Path of War has Strike, Boost, Counter, and Stance.
Strike – usually an attack and extra damage and some effects
Boost – extra damage usually
Counter – repost, dodge, reaction
Stance – at will mods to certain aspects of combat
So my friend and I got in to a bit of a debate. Some Strikes and Boost can catch a target Flat-Footed. But if said target has a Counter,…can they counter the Strike/Boost while Flat-Footed? Specially if they don’t have Uncanny Dodge?
As we’re approaching the release date for v2.5.0 of Rubberduck (an open-source VBIDE add-in), we’re facing a bit of a dilemma regarding a specific type of tree nodes in one of our toolwindows:
The idea is to show library/project references in the treeview, and somehow convey whether a particular reference is in use or can be safely removed.
We’ve decided to gray-out reference nodes that aren’t actionnable – either because they’re locked-in (the VBA standard library and the host application’s object library can’t be removed), or because they’re in use and removing them would break something.
But this is surprising to users that expect reference nodes that aren’t in use (and therefore are actionnable) to be the grayed-out ones… and to me that seems a very reasonable expectation to have.
How can we reconcile contradicting user expectations and make it clearer for everyone?
Locked-in library references show up with a little padlock icon, so I think we’ve got those covered.
But what’s the UX best practice for showing a UI element as “disabled” in a case like this?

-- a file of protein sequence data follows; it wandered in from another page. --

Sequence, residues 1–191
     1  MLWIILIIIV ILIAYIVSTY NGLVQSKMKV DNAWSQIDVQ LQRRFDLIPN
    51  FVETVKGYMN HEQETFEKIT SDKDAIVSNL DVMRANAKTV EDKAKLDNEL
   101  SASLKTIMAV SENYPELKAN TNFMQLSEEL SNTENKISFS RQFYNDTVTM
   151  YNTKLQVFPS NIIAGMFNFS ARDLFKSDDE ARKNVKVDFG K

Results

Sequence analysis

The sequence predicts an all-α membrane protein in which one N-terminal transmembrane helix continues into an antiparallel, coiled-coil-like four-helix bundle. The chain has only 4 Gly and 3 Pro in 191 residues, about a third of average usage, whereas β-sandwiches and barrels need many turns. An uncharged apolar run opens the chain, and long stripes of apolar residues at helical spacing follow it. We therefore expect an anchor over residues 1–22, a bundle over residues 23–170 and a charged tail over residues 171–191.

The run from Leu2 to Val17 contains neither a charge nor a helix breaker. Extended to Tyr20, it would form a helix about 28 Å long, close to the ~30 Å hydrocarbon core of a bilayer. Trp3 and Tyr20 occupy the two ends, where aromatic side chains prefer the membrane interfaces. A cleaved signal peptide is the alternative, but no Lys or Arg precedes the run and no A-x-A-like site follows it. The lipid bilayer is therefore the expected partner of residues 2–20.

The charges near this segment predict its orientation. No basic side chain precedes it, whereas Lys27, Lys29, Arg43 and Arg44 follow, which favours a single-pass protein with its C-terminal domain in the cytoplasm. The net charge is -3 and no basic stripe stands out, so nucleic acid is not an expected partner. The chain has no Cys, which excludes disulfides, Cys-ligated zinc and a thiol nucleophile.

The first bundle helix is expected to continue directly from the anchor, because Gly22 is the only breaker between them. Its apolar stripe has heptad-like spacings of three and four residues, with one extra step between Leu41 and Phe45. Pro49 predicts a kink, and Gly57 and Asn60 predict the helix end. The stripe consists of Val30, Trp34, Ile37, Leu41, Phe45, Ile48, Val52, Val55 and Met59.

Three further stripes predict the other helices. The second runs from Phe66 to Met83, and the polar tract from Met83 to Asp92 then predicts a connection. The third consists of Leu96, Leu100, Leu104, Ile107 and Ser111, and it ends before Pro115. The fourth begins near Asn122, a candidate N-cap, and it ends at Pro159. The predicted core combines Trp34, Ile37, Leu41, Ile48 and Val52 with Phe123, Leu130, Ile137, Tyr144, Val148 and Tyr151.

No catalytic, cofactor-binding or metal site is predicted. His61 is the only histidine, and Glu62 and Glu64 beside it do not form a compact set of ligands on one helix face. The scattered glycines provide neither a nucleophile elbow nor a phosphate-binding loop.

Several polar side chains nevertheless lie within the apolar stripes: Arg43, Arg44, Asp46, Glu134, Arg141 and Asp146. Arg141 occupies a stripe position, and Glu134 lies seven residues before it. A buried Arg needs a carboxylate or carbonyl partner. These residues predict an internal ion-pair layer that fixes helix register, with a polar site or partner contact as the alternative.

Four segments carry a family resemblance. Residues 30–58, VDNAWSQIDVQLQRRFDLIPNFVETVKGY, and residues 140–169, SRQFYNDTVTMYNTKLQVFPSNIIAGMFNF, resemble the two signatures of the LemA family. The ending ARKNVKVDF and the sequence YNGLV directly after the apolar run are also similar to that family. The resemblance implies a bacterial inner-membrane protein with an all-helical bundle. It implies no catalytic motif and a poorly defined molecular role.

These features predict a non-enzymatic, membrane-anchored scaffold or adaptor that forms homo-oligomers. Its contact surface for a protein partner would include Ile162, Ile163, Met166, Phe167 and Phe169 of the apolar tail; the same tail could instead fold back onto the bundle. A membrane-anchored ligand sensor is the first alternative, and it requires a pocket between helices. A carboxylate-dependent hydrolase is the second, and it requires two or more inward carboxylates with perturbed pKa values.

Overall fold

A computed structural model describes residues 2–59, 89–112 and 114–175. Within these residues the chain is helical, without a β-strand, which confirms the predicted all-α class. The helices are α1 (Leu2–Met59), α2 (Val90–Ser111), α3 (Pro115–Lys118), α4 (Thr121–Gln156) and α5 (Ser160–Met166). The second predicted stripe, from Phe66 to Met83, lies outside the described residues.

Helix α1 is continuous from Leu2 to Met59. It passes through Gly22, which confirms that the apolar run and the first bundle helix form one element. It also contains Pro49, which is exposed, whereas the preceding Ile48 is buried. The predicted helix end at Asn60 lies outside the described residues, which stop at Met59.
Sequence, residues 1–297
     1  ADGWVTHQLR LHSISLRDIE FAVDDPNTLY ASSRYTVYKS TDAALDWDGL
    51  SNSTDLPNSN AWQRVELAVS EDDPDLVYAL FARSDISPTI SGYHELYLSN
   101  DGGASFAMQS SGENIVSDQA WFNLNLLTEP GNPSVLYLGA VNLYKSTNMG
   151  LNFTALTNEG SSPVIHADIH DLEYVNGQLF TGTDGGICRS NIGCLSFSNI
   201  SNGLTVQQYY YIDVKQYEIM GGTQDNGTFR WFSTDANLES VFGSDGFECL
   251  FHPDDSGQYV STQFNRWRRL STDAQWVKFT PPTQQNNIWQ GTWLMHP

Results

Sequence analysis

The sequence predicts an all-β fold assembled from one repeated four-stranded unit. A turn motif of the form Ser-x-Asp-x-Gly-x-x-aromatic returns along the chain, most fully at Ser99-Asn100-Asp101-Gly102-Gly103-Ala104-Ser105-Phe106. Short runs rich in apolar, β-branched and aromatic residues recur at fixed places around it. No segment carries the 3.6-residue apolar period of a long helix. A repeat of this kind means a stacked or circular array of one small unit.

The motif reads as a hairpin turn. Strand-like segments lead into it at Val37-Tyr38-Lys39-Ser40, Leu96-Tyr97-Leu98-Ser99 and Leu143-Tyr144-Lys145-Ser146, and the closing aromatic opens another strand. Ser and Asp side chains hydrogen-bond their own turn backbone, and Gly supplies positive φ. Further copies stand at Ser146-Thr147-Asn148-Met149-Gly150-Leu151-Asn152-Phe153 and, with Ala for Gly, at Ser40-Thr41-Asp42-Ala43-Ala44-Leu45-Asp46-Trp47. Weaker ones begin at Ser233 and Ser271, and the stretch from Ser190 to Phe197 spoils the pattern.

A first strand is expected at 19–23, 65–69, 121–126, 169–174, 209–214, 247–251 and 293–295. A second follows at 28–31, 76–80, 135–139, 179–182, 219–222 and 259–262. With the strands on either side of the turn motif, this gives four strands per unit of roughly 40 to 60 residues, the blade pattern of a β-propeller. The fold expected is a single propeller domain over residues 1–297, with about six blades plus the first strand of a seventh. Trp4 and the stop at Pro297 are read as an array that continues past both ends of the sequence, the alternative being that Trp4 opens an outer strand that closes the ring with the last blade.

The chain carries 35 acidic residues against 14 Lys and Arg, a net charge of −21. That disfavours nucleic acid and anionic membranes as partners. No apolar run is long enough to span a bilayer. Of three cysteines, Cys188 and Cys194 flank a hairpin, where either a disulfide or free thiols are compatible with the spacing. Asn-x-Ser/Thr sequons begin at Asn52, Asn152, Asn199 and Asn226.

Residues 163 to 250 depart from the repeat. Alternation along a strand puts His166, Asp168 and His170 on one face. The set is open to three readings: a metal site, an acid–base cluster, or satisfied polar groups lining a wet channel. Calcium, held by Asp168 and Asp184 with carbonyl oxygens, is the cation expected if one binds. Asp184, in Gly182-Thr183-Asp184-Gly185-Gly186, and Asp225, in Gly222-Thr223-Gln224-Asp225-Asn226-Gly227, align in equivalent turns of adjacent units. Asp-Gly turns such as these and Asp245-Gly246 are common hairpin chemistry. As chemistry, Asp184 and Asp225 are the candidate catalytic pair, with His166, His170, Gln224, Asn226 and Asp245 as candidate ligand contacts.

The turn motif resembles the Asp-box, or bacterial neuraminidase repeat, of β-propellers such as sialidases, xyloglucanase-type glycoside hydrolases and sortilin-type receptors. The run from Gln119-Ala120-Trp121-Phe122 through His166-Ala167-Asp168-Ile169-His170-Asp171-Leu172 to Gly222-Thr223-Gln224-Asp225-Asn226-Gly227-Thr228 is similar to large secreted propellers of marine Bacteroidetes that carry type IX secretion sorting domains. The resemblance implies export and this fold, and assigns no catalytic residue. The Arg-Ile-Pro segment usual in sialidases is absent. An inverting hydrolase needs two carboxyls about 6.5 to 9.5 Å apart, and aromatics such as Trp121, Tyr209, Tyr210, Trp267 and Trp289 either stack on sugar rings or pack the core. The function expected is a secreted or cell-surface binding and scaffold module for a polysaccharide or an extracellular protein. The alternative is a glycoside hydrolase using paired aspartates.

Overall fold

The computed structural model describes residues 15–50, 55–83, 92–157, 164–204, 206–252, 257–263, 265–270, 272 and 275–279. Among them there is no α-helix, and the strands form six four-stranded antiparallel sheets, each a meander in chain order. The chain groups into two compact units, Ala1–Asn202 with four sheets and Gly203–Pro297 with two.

What would you call the notifications from a website on your laptops/desktops/tablets? A. Web notifications B. Desktop notifications C. Browser notifications
My organization recently upgraded to SharePoint 2013. I was excited at the prospect of using managed navigation to display multiple site levels using flyout panels. After configuring my term set though some of my users are experiencing seemingly strange security trimming. Some users are having navigation items trimmed even when they have been given read, contribute, design, and sometimes full control of the site and page the term is directed to. Causing even more confusion for me, other users with similar permissions can see these navigation items… Site collection administrators, however, can see all terms in the global navigation menu just fine and they all take you to the right place on their respective sites.
All of my terms were configured as ‘Term-Driven Page with Friendly URL’ and I’ve specified each site’s homepage in ‘Change target page for this term’ under the Term-Driven Pages tab in each term in the term store.
Am I missing something about how security trimming works with SP13 Managed Metadata Navigation?
I have come along basically two types of Rule 0, both equally called this but often depending on the game. Some games :
- The GM is always right
- Have Fun
Now, The first variant was codified as a “rule” in early D&D days, as explained in Where and when did "the GM is always right" get codified first? But it was not called Rule 0.
Have Fun is generally considered to be the underlying idea why we even meet to RP, and that this should govern the GM’s behavior. Sometimes, GM instructions include both, putting a varying emphasis on both parts. Some players call this Rule 0.
What is the earliest example of either of the two being named Rule Zero in a product?